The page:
• Leading costs lawyer and chair of the ACL legal aid group Paul Seddon has revised and greatly extended the civil costs chapter
  • Simpson Millar solicitor and LALY nominee Silvia Nicolaou Garcia has contributed a brand new chapter on community care
  • Consultant and IT expert Jane Pritchard has written a detailed guide to using CCMS

Bigger and better than ever and fully up to date including the 2018 contracts, the Handbook is the one book no legal aid lawyer can afford to be without. Pre-order your copy now from the LAG Bookshop

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Changes to legal aid for victims of domestic abuse in force on Monday

Funding for private family law cases is generally only available where the applicant for legal aid can show that they are a victim of domestic abuse, or where they can show that the aim of the proceedings is to protect a child at risk of abuse from a third party (such applications are in scope because of Paras 12 and 13 of Part 1 Schedule 1 of LASPO; see also Chapter 6 of the Handbook). Until the successful challenge to the original regulations by Rights of Women, there was a requirement that the evidence in support of the application had to be no more than 2 years old. Following the litigation, that was extended to 5 years.

From Monday 8 January 2018, the five year limit is removed. The existing evidence requirements are also removed, and replaced with a new Schedule 1 of the Procedure Regulations. When the Civil Legal Aid (Procedure) (Amendment) (No 2) Regulations 2017 come into force, acceptable evidence (for civil legal services to be provided to an adult (A) in relation to a matter arising out of a family relationship between A and another individual (B)) will include:

Domestic abuse – para 12 Part 1 Schedule 1 LASPO cases

  • Evidence that B has been arrested for a relevant domestic violence offence.
  • A relevant police caution for a domestic violence offence.
  • Evidence of relevant criminal proceedings for a domestic violence offence which have not concluded.
  • A relevant conviction for a domestic violence offence.
  • Evidence of a court order binding over B in connection with a domestic violence offence.
  • A domestic violence protection notice issued under section 24 of the Crime and Security Act 2010 against B.
  • A relevant protective injunction.
  • An undertaking given in England and Wales under section 46 or 63E of the Family Law Act 1996 (or given in Scotland or Northern Ireland in place of a protective injunction) by B provided that a cross-undertaking relating to domestic violence was not given by A.
  • A copy of a finding of fact, made in proceedings in the United Kingdom, that there has been domestic violence by B.
  • An expert report produced as evidence in proceedings in the United Kingdom for the benefit of a court or tribunal confirming that a person with whom B is or was in a family relationship, was assessed as being, or at risk of being, a victim of domestic violence by B.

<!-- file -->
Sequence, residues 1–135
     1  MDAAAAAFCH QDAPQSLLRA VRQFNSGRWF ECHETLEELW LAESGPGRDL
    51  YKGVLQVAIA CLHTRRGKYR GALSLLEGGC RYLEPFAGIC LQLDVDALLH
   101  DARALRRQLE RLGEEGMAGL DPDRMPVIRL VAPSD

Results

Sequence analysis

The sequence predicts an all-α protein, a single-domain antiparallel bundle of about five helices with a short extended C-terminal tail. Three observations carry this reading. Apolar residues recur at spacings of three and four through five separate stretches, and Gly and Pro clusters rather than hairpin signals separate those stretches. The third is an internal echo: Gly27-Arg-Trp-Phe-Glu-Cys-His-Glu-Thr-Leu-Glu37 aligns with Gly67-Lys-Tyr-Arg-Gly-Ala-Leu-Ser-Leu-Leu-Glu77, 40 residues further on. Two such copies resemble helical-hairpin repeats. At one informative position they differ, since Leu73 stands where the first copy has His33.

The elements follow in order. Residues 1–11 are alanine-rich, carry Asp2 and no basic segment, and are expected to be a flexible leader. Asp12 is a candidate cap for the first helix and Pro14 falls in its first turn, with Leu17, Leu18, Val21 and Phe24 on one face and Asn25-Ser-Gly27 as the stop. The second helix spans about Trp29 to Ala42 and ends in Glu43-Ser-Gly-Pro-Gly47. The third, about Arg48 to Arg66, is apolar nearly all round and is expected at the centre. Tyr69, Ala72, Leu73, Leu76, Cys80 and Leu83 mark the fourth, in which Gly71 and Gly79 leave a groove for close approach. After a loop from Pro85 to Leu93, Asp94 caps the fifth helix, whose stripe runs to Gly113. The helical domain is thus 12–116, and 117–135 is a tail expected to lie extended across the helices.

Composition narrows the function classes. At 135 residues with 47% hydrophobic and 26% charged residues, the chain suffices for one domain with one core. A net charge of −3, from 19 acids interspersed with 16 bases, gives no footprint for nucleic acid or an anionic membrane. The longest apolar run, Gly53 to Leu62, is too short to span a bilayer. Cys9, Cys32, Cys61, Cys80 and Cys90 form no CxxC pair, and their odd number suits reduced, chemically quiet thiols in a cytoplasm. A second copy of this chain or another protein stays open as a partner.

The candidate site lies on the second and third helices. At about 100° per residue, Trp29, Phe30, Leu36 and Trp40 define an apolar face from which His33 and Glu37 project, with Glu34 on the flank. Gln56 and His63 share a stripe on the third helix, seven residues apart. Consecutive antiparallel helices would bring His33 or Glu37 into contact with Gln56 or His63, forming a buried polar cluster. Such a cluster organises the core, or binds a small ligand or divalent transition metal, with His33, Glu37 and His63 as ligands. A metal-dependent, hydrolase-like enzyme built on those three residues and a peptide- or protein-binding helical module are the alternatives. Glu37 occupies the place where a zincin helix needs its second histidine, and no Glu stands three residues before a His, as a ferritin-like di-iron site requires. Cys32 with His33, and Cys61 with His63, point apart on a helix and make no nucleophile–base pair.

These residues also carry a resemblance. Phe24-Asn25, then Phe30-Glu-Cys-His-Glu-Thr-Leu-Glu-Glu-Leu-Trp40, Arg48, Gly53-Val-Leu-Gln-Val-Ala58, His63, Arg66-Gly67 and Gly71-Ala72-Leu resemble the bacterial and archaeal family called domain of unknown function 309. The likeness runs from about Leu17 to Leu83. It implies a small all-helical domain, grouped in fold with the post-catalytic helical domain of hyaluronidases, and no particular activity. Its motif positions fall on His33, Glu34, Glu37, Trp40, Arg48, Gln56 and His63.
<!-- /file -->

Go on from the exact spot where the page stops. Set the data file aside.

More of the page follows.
• A letter or report from an appropriate health professional confirming that that professional, or another appropriate health professional—
    • (a)has examined A in person; and
    • (b)in the reasonable professional judgement of the author or the examining appropriate health professional A has, or has had, injuries or a condition consistent with being a victim of domestic violence.
  • A letter or report from—
    • (a) the appropriate health professional who made the referral described below;
    • (b) an appropriate health professional who has access to the medical records of A; or
    • (c) the person to whom the referral described below was made;
    • confirming that there was a referral by an appropriate health professional of A to a person who provides specialist support or assistance for victims of, or those at risk of, domestic violence.
  • A letter from any person who is a member of a multi-agency risk assessment conference (or other suitable local safeguarding forum) confirming that A, or a person with whom A is in a family relationship, is or has been at risk of harm from domestic violence by B.
  • A letter from an independent domestic violence advisor confirming that they are providing support to A.
  • A letter from an independent sexual violence advisor confirming that they are providing support to A relating to sexual violence by B.
  • A letter from an officer employed by a local authority or housing association (or their equivalent in Scotland or Northern Ireland) for the purpose of supporting tenants containing—
    • (a) a statement to the effect that, in their reasonable professional judgment, a person with whom B is or has been in a family relationship is, or is at risk of being, a victim of domestic violence by B;
    • (b) a description of the specific matters relied upon to support that judgment; and
    • (c) a description of the support they provided to the victim of domestic violence or the person at risk of domestic violence by B.
  • A letter from an organisation providing domestic violence support services. 
    • The letter must confirm that it—
      • (a) is situated in England and Wales;
      • (b) has been operating for an uninterrupted period of six months or more; and
      • (c) provided A with support in relation to A’s needs as a victim, or person at risk, of domestic violence.
    • (3) The letter must contain—
      • (a) a statement to the effect that, in the reasonable professional judgement of the author of the letter, A is, or is at risk of being, a victim of domestic violence;
      • (b) a description of the specific matters relied upon to support that judgement;